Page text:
I remember those days really well. It was a personal blow to lose Torre, who for some of us, was like the uncle figure to our Yankee universe. Others were happy to see him go. And as those days unfolded, the choice for the Yankees’ brain trust came down to Mattingly and Girardi. Personally, I don’t think Mattingly was ever strongly considered. Yes, he was a Yankee icon and hero and was billed as a tragic figure for never getting his ring and for losing his MVP-caliber career to back troubles. But he had no managerial experience and Girardi had won the Manager of the Year Award for his time leading the Miami Marlins. The choice may have been personally disappointing for fans who loved Mattingly, but it seemed a pretty clear-cut decision.
So Mattingly followed Joe Torre to the Dodgers and once Torre retired, inherited the job there. Last season brought no glaring triumphs in Mattingly’s first season in LA other than the emergence of Matt Kemp as a superstar. The Dodgers won only 82 games and were never a factor. But the reality is that a season over .500 in what was then a real mess in Los Angeles was a pretty decent outcome. And it seems to compare favorably to Joe Girardi’s first year as Yankees manager, the only year in recent memory when the Yankees finished out of the playoffs.
Just as Girardi’s team exploded in 2009 in that manager’s second season at the helm, Mattingly’s charges are roaring in the National League West in his second year as that team’s manager. And you like what you hear about Mattingly. The story has been told that he spoke to Andre Ethier after the last game of the season last year and told him that he needed to be more focused every day. Ethier has responded and is having as big a season as he has had in his career, right after Kemp did the same thing last year. Mattingly seems to be the same kind of player’s manager that Girardi is and to this observer, remains both of their greatest strengths. Both also have good coaches around them.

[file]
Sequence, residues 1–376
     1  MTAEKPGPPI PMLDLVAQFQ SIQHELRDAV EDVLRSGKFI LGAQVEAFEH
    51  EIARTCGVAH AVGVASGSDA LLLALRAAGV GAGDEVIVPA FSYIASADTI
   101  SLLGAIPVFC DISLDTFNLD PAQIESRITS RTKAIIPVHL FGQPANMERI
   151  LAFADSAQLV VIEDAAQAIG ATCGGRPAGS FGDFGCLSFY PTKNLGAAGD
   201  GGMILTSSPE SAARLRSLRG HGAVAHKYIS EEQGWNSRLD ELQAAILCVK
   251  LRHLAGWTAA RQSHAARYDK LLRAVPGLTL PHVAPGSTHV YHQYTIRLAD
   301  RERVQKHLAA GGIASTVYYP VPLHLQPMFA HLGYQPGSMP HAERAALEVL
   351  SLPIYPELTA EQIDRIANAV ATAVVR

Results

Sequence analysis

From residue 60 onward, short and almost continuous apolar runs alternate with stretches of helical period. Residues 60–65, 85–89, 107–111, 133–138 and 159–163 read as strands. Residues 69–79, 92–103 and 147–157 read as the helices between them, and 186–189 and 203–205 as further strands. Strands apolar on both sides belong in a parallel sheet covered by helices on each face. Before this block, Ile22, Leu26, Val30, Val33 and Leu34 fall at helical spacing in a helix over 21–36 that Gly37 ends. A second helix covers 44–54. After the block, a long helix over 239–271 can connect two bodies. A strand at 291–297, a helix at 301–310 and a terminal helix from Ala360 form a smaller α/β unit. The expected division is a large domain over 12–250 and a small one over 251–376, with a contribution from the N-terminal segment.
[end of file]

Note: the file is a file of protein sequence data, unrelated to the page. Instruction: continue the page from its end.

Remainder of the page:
But who is to say how Mattingly would have performed in New York? An ex-superstar managing his former team can sometimes bomb spectacularly. One need only remember what happened to Alan Trammell in Detroit. Despite the fact that the Tigers’ struggles during those years were due to a lack of talent, it did manage to tarnish a bit of Trammell’s luster in that fan base. Would the same thing have happened to Mattingly in New York if say, like Girardi, his team had failed to get by the Tigers last season in the playoffs? Maybe.
I seem to remember Mattingly going through some family troubles during the time directly after the Yankees decided not to choose him. I cannot remember if those memories are accurate and a Google searched failed me. But I think I remember that right. How would Mattingly have handled 2008 during that personal crisis? Those “what if” kinds of questions really have no answers.
The problem, of course, as mentioned in that Girardi piece I wrote here, is that it seems impossible to measure how well a manager affects a team’s won-loss record. The players, the front office, injuries and pure, darned luck have a lot to say in how things turn out. As part of a fan base that worshiped at the alter of Don Mattingly, it is difficult seeing him succeed for an organization that is not in New York. Mattingly had the kind of reputation around baseball that Derek Jeter has now. But would he have been a better fit for the Yankees than Girardi? We will never know. My sneaking suspicion is that it would not have made that much difference at all. But that’s just one man’s opinion.